Louis Lanzano, ASSOCIATED PRESS
NEW YORK — A laid-off clothing designer fatally shot an executive at his former company outside the Empire State Building on Friday, setting off a chaotic showdown with police in front of one of the world's best-known landmarks. Officers killed the gunman and at least nine others suffered minor wounds, likely all of them by stray police gunfire, authorities said.
The gunshots rang out on the Fifth Avenue side of the building at around 9 a.m., when pedestrians on their way to work packed sidewalks and merchants were opening their shops.
"People were yelling 'Get down! Get down!'" said Marc Engel, an accountant who was on a bus in the area when he heard the shots. "It took about 15 seconds, a lot of pop, pop, pop, pop, one shot after the other."
Afterward, he saw the sidewalks littered with the wounded, including one person "dripping enough blood to leave a stream."
Wearing an olive suit and tie and carrying a briefcase, Jeffrey Johnson walked up to the import company vice president, Steven Ercolino, put a gun to his head and fired without saying a word, authorities said. A witness told investigators that Johnson shot Ercolino once in the head and, after he fell to the sidewalk, stood over him and shot him four more times.
"Jeffrey just came from behind two cars, pulled out his gun, put it up to Steve's head and shot him," said Carol Timan, whose daughter, Irene, was walking to Hazan Imports at the time with Ercolino.
The gunman walked away and calmly turned up 5th Avenue, where he blended in with the crowd, police said.
A construction worker who saw the shooting followed Johnson and alerted two police officers, a detail regularly assigned to patrol city landmarks like the 1,454-foot skyscraper since the 9/11 terror attacks, officials said.
The two officers drew their weapons and fired 16 rounds, killing Johnson, Police Commissioner Raymond Kelly said.
A witness had told police that Johnson fired at the officers, but authorities say ballistics evidence so far doesn't support that. Johnson's .45-caliber weapon held seven rounds, they said. He fired five times at Ercolino, one round was still in the gun and one was ejected when officers secured it, authorities said.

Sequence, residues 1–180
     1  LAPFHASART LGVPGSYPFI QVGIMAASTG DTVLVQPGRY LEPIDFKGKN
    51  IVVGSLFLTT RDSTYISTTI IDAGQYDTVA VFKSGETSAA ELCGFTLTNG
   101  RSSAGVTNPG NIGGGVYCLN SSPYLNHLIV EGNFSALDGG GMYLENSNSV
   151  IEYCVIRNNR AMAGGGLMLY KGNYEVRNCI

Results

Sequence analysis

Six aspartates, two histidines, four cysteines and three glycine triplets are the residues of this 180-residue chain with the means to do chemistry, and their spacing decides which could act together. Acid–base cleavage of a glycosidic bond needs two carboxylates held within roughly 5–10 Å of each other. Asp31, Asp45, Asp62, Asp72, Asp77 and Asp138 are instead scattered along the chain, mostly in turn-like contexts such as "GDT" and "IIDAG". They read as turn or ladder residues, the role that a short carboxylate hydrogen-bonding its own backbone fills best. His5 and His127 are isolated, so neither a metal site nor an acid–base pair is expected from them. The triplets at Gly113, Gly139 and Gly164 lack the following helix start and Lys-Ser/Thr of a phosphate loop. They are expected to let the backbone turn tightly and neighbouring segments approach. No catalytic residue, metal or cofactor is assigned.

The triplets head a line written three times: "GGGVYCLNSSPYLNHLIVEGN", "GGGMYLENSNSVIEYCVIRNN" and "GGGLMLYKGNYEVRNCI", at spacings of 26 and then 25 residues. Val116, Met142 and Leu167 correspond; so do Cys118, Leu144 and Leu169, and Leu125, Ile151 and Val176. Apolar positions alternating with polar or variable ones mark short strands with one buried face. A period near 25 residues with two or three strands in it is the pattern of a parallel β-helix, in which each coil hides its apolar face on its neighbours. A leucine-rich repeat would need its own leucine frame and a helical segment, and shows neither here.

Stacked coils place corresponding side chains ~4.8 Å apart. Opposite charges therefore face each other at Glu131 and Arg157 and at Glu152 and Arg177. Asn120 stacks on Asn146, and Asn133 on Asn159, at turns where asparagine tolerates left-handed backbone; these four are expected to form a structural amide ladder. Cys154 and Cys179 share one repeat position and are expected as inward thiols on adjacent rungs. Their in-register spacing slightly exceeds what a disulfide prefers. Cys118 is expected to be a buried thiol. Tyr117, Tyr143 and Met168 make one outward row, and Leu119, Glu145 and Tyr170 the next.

"These officers ... had absolutely no choice," Kelly said. "This individual took a gun out very close to them and perhaps fired at them."
Another loaded magazine was found in Johnson's briefcase.
Johnson legally bought the gun in Sarasota, Fla., in 1991, but he didn't have a required permit to possess the weapon in New York City, police said.
"New York City, as you know, is the safest big city in the country, and we are on pace to have a record low number of murders this year," Mayor Michael Bloomberg said. "But we are not immune to the national problem of gun violence," he said about the shooting, which comes in the wake of mass shootings inside a Colorado movie theater and a Sikh temple in Wisconsin.
Robert Asika, who was shot in the right arm, said he was "100 percent positive" that a police officer had shot him.
Asika, 23, sells tickets for the Empire State Building's observatory.
"When I woke up this morning, I didn't even want to go to work," he said. "Something told me not to go to work."
The wounded victims were five women and four men, aged 20 to 56, authorities said. All were from New York City, except a 35-year-old woman from Chapel Hill, N.C. They suffered graze wounds or other minor injuries, and police believe that at least some of the injuries were caused by bullet fragments that ricocheted off security planters.
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